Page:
On September 6, 2023, the United States Trade Representative (“USTR”) announced that it will extend 352 reinstated exclusions and 77 COVID-related exclusions to duties imposed on goods from China pursuant to Section 301 of the Trade Act of 1974. The USTR imposed Section 301 duties in four tranches or “lists,” and it established a process by which importers could request exclusions for particular products on each list. The 352 reinstated exclusions, listed in an annex to a previous notice, cover products from all four lists. The 77 COVID-related exclusions, listed in an annex to another previous notice, cover medical-care products needed to address COVID. Both the reinstated exclusions and the COVID-related exclusions were previously set to expire on September 30, 2023 but are now extended until December 31, 2023.
The USTR’s announcement states that the goal of this most recent extension is “[t]o provide a transition period for the expiring exclusions and to allow for further consideration under the four-year review,” referring to the ongoing review mandated by Section 307(c)(3) of the Trade Act of 1974. The USTR initiated its four-year review of the Section 301 duties on May 5, 2022, and through this review it will assess the effectiveness of the duties and their effects on the United States economy. The USTR previously told Congress that it will complete its review this fall, but there is no statutory deadline for completion. U.S. Commerce Secretary Gina Raimondo also stated in a September 5, 2023 interview that she does not expect any revisions to the Section 301 duties until the four-year review is complete.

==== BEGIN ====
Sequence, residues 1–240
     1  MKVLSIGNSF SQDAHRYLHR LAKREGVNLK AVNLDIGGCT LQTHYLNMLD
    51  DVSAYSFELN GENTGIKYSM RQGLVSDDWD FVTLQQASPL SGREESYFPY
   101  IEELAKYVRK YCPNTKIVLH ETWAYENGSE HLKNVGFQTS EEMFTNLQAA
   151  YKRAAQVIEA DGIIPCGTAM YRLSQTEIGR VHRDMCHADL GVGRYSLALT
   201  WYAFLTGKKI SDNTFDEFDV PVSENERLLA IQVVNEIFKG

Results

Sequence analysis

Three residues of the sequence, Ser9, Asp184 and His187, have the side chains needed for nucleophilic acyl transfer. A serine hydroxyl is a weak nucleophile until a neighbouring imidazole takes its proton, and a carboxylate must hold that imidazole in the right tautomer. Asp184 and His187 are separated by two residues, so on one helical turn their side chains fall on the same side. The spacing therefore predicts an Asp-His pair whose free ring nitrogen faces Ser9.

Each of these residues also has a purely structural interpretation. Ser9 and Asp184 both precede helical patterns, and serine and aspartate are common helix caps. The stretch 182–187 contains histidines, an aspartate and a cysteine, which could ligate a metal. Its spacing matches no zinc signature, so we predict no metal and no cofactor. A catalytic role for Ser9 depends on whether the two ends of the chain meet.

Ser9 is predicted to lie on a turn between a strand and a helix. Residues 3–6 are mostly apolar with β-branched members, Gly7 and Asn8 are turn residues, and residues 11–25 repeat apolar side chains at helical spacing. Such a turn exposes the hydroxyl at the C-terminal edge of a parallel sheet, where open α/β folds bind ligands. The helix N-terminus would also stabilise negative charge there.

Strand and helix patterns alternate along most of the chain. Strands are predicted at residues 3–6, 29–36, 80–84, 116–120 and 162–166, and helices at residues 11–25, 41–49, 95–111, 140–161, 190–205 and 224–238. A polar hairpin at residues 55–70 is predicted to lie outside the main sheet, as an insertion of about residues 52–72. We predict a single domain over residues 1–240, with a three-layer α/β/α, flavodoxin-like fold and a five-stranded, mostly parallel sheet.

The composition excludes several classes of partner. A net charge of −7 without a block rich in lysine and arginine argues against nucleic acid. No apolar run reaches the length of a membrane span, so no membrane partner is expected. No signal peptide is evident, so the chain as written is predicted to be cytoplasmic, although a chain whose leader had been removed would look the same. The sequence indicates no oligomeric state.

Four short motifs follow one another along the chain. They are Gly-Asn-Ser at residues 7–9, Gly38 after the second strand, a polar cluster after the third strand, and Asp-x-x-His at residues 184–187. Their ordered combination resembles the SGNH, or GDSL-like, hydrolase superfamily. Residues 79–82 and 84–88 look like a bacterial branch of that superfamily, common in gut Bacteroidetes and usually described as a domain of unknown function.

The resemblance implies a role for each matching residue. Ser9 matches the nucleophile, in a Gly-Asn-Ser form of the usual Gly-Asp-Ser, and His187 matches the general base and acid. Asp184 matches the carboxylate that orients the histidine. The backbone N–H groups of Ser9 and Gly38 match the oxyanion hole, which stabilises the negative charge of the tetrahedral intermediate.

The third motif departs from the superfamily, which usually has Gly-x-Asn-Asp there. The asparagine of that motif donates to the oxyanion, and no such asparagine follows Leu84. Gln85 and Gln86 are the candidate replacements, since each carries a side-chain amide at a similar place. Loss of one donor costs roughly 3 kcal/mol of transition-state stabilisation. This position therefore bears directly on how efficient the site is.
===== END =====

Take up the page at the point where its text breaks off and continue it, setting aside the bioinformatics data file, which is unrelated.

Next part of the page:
The USTR’s extension of the reinstated and COVID-related exclusions comes one week after Secretary Raimondo visited China to meet with government officials. Her visit included a meeting with China’s Vice Premier He Lifeng at which China raised concerns about U.S. tariffs. Following the visit, the United States and China have agreed to establish regular communication channels on commercial issues, export controls and protecting trade secrets.
Husch Blackwell continues to monitor developments relating to Section 301 duties and exclusions. In the meantime, for guidance or questions relating to U.S. customs laws, companies can contact Husch Blackwell’s International Trade and Supply Chain team.